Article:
Is it really true that a new processor can boost ratings, and by double digits?
And if true, what does it say about the accuracy of Nielsen PPM rating estimates?
Much of the confusion is due to a lack a data.
Stations using the processor are reluctant to even admit they’re using one let alone share ratings information.
But it’s pretty hard to hide.
Every month now we see growing numbers of stations with pretty suspicious rating spikes. Are we to believe that all these stations just got smarter...and all at once?
And how many "best book ever" stories are we going to read in Nielsen’s monthly rating reports before somebody admits that maybe the box is behind many of these records?
Are we to believe that it's just coincidence that the success stories started appearing soon after Voltair's launch?
Given the lack of hard data, Harker Research decided to do something about it.
We set out to find stations about to install Voltair that would be willing to share ratings data with us so we could see for ourselves what impact Voltair could have.
What we are about to share is the first verified pre/post Voltair data, and what we found was just as amazing as all the rumors.
Two stations agreed to share their Voltair experiences with us.
We were able to track ratings as Voltair was installed. We were able to establish a pre-Voltair baseline of ratings, and then we were able to see what happened with the ratings after the launch.
We were also able to confirm that these markets were pretty quiet over this time, and that the two stations we followed changed nothing other than installing Voltair. These stations were also the first in their markets to get Voltair.
Like all other Voltair clients, the two stations insisted on anonymity, so we won’t be identifying the stations, markets, or formats. Both formats are highly competitive mainstream formats.
Station A was our first look at Voltair, so we looked at full week numbers.
For Station B we did something different. We looked at Voltair’s impact on morning drive.
Station B plays very little music in morning drive, and it has been reported that PPM is particularly cruel to talk shows.
Since the encoding process does a poor job with spoken word, we wanted to see what impact Voltair would have on morning numbers. We’ll report what happened with morning drive, but we’ll also touch on full week numbers for Station B.
Ironically, Voltair increased both stations’ market share by more than twenty percent, but how that growth came about differed between the two stations.
First, a little background.
Voltair is designed to process station programming to create more consistent encoding. More consistent encoding increases the likelihood that decoders will be able to identify the stations to which panelists are exposed.
So Voltair should have minimal impact on cume. All it takes is one successful code identification for a station to get credit for a cume listener.
The ratings benefit of Voltair should come primarily by increasing time-spent-listening (TSL).
If Voltair improves the encoding/decoding process, then listening normally missed by the meters will be picked up.
This might manifest itself as longer listening spans, but it could also increase TSL by increasing the number of episodes of listening, what Nielsen calls Occasions.
A 2011 analysis by Arbitron (since taken down) concluded that top performing stations in PPM didn’t have longer listening spans than weaker stations. Instead, leading stations had more Occasions of listening.
So to see the impact of Voltair, we began by looking at its impact on Occasions of listening.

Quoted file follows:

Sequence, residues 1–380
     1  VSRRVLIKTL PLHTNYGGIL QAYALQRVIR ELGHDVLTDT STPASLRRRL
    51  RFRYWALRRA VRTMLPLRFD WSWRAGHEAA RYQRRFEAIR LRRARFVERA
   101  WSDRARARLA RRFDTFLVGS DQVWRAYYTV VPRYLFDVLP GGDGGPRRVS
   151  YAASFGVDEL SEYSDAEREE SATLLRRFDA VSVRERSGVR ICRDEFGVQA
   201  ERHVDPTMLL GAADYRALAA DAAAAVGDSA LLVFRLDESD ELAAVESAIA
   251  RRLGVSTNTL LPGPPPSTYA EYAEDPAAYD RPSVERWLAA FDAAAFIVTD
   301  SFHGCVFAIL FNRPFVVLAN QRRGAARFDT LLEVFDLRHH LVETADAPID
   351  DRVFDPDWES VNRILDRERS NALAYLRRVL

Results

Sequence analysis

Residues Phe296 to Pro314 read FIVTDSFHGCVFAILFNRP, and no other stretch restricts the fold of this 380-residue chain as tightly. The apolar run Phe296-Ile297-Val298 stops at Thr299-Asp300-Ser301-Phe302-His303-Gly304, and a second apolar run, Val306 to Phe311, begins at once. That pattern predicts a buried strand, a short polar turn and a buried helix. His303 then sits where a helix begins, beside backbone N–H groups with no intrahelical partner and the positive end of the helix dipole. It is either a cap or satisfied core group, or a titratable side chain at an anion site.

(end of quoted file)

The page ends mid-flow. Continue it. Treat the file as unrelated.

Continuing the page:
As the graphs illustrate, both stations dramatically increased Occasions. Station A increased full week Occasions by 26%, and grew market share by a similar percentage.
Station B’s morning drive Occasions increased by a whopping 61%!
Full week TSL for Station A rose by 33%, but Station B’s full week TSL increased very little. Almost all the growth was in morning drive.
Station B saw its full week cume increase slightly more than Station A.
Station B’s talky morning show attracts a different audience from the rest of the day. We suspect that PPM was not catching the morning listeners, so the station was losing much more than just a little TSL.
Consequently, when the station started getting more credit in morning drive it gained Occasions, quarter-hours, and cume.
While this is the most definitive published analysis of Voltair to date, it comes with several qualifications.
We’ve only looked at two stations and two formats. We can say with confidence that the two stations’ gains were a direct result of Voltair.
However, as we have repeatedly emphasized, results will vary across formats and content.
The quality of PPM encoding depends on content. Some content encodes well, other content not so well. Voltair’s potential for improving a station's ratings ultimately depends on how poorly PPM is encoding the station's content.
Some stations will benefit more than others. Based on Station B’s morning gains, stations with talk formats should be particularly concerned about PPM’s "blind spots."
Some formats may not benefit at all, so don’t assume that your experience will be similar to either station.
The most important lesson here is that the rumors about Voltair helping improve ratings are true. This is the clearest evidence that PPM as implemented is flawed.
PPM does not capture all listening, so it under-estimates radio listening–potentially by a lot for some formats.
The solution is for Nielsen to admit that the problem exists and agree to a time-table to fix it.
It is likely that PPM will never be perfect. It will never capture all listening, but missing 20%, 50%, or more should be unacceptable.
We invite additional Voltair users to confidentially share their experiences so that we can have a clearer picture of PPM and its weaknesses. Collectively we can finally get answers to PPM questions never asked as PPM rolled out.